Sarah Krasnostein

Sarah Krasnostein is a writer and lawyer with a doctorate in criminal law. Born in Charlottesville, Virginia, she divides her time between Melbourne and New York. Sarah’s first book, The Trauma Cleaner, won Australia’s Victorian Prize for Literature, where it was a runaway bestseller.

Praise

  • Compassion and curiosity permeate
    Sarah Krasnostein’s writing. Every few pages there is a line so
    poignant it takes my breath away.

    —Sasha Sagan, author of For Small Creatures Such As We, Rituals for Finding Meaning in Our Unlikely World

  • Sarah Krasnostein takes us on an unexpected journey through strains of belief that range from dubious to bizarre. It is sometimes disconcerting, sometimes deeply beautiful, and never simple.

    —James Gleick, author of Time Travel: A History

  • Sarah Krasnostein holds a mirror to the world we inhabit but don’t fully understand, helping us see how our lives are shaped by beliefs at once wholly strange and unexpectedly familiar. Lyrical, haunting, endlessly curious, The Believer will restore your faith in the power of stories to bridge the gaps between us.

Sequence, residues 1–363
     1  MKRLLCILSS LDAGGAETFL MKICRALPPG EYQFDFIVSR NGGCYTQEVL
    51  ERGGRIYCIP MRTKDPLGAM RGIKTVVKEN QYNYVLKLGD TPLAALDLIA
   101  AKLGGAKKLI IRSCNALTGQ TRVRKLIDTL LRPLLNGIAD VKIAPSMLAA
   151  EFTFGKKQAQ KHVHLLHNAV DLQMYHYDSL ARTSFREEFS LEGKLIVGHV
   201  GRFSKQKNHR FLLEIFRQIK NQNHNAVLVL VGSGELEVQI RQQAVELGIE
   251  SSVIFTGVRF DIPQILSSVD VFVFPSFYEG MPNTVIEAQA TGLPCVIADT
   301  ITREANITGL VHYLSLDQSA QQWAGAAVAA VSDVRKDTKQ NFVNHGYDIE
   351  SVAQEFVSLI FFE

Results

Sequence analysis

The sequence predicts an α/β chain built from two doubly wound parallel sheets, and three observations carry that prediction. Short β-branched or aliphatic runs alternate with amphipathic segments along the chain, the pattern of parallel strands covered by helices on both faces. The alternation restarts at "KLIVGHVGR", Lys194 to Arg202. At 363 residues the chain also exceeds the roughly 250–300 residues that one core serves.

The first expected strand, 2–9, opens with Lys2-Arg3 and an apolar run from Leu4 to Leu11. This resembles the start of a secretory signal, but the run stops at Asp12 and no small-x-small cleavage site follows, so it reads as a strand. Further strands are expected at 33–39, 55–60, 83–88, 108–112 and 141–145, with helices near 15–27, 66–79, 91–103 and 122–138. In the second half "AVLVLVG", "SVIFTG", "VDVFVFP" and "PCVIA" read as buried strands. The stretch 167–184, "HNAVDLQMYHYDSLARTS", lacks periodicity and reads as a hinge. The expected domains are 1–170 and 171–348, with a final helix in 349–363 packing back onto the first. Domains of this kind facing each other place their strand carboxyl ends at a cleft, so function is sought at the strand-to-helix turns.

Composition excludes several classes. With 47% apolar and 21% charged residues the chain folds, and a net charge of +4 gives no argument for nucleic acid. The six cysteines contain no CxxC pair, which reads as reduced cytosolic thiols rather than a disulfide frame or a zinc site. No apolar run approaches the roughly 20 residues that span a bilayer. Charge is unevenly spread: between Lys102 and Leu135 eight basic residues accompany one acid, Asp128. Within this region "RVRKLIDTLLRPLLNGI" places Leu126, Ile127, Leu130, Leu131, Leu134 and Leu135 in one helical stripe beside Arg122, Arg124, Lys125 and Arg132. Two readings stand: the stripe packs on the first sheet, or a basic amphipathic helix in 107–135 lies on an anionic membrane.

—Peter Manseau, author of The Apparitionists

  • In an era when it often appears as though beliefs are our biggest dividing lines, Sarah Krasnostein’s The Believer comes as a great tonic—a thoughtfully reported, entertaining, and empathetic examination of the beliefs that sustain yet sometimes dangerously mislead. Exacting yet compassionate, she takes readers deep inside communities and lives that may be distant from us, offering portraits that refract back on our own worlds. The result feels deeply wise. If reading a book can make you more human, The Believer does just that.

    —Alex Marzano-Lesnevich, author of The Fact of a Body: A Murder and a Memoir

  • Sarah Krasnostein’s The Believer is filled with everything the world needs more of: compassion, curiosity, and tenderness. Krasnostein brilliantly shows us how to look more carefully, listen more closely, and love more expansively. A complicated, lyrical portrait of belief, meaning making, and the stories we tell that might save us.

    —Sarah Sentilles, author of Stranger Care